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The Surprising Wealth of Pre-industrial England

Gregory Clark (), Joseph Cummins and Brock Smith ()

MPRA Paper from University Library of Munich, Germany

Abstract: Occupations listed in wills reveal that as early as 1560 effectively only 60% of the English engaged in farming. Even by 1817, well into the Industrial Revolution, the equivalent primary share, once we count in food and raw material imports, was still 52%. By implication, incomes in pre-industrial England were close to those of 1800. Urbanization rates are not a good guide to pre-industrial income levels. Many rural workers were engaged in manufacturing, services and trade. The occupation shares also imply pre-industrial England was rich enough in 1560 to rank above the bottom fifth of countries in 2007.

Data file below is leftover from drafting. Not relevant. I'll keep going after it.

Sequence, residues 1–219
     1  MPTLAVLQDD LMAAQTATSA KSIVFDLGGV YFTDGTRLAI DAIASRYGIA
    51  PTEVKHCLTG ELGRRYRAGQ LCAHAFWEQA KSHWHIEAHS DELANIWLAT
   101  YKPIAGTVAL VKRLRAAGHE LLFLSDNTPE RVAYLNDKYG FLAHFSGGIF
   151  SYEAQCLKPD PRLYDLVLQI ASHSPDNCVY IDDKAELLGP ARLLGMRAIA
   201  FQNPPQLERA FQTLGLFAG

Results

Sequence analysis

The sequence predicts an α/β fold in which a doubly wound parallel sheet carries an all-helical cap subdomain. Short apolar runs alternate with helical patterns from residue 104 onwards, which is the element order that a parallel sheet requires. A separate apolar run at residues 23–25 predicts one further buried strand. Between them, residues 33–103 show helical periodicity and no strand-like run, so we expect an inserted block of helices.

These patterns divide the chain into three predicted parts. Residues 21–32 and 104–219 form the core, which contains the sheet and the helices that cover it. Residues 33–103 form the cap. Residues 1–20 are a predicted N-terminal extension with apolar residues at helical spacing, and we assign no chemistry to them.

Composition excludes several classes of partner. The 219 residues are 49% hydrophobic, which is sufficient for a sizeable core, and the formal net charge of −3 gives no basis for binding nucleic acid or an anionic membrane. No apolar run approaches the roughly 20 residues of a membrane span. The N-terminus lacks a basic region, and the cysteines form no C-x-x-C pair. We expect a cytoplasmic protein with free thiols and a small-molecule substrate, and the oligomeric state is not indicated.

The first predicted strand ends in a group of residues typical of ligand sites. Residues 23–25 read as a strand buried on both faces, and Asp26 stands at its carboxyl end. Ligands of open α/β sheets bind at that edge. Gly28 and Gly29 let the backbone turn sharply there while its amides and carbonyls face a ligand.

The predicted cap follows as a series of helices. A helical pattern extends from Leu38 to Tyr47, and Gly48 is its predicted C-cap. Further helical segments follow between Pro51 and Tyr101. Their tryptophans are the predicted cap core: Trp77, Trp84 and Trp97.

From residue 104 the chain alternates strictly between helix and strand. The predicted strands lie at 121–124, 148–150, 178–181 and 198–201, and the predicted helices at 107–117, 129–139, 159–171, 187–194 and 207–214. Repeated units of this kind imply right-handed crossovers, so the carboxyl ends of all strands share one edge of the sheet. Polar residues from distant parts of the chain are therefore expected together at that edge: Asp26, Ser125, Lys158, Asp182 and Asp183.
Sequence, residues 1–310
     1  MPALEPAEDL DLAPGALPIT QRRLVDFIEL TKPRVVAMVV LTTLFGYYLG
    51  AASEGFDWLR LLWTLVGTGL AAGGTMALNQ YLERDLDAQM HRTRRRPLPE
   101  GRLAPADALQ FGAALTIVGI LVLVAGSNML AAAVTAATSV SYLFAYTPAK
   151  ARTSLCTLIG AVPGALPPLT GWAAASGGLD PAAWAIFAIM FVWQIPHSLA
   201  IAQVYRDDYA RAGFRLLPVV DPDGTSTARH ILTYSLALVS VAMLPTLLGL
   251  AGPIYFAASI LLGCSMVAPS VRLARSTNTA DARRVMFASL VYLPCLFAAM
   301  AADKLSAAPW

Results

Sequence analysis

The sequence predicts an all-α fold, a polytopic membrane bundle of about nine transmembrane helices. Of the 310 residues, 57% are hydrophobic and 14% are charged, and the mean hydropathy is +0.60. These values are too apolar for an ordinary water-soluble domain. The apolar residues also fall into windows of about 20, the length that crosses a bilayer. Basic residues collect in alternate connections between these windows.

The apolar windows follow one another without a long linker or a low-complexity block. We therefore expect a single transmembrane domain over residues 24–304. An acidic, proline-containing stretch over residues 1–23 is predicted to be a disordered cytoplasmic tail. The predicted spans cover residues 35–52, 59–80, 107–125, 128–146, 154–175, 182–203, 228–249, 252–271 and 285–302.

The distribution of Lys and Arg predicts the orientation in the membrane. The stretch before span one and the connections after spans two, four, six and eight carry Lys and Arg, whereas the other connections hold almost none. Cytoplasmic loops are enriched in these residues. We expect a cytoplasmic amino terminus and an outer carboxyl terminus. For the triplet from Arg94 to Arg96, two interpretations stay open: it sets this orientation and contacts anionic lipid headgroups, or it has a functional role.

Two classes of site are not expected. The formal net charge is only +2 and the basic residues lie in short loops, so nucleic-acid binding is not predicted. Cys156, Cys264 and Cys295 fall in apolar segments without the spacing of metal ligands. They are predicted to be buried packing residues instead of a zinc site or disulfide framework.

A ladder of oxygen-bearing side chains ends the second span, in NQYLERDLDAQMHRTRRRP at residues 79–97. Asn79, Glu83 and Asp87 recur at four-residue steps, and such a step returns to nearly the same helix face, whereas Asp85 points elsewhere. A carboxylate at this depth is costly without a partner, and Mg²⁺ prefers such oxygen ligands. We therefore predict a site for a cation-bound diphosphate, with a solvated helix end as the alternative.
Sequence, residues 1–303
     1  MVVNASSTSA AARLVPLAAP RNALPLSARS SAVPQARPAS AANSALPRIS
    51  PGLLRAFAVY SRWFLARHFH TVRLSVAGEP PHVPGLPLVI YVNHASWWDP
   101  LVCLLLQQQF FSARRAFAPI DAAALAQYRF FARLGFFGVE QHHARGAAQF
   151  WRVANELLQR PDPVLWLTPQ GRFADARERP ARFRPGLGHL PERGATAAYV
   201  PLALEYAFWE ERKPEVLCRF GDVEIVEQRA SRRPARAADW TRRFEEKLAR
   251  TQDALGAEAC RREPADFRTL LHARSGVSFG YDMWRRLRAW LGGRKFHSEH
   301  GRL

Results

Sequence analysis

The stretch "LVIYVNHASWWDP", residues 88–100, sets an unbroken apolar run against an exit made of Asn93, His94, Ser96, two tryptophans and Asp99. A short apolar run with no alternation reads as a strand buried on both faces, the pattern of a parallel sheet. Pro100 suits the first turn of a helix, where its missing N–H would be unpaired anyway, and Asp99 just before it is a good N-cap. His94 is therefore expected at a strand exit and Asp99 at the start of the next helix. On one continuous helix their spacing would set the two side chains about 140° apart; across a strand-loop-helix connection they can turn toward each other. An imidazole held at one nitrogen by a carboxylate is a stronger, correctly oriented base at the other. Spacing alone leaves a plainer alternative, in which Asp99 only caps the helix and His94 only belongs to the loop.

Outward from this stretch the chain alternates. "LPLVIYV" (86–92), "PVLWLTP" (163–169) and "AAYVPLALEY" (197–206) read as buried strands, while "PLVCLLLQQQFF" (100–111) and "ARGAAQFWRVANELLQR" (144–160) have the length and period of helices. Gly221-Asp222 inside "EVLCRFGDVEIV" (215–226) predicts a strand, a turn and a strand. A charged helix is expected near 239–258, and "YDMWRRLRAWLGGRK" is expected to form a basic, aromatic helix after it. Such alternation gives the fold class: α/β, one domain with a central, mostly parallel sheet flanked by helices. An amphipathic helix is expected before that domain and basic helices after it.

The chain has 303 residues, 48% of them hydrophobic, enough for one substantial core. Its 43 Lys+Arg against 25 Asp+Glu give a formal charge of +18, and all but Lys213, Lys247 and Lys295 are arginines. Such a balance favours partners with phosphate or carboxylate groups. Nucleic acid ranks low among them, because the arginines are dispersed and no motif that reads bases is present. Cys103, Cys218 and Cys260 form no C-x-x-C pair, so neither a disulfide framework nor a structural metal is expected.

Keywords: Long; Run; Growth; England (search for similar items in EconPapers)
JEL-codes: N3 N13 O4 (search for similar items in EconPapers)
New Economics Papers: this item is included in nep-his and nep-mic
Date: 2010-07-04
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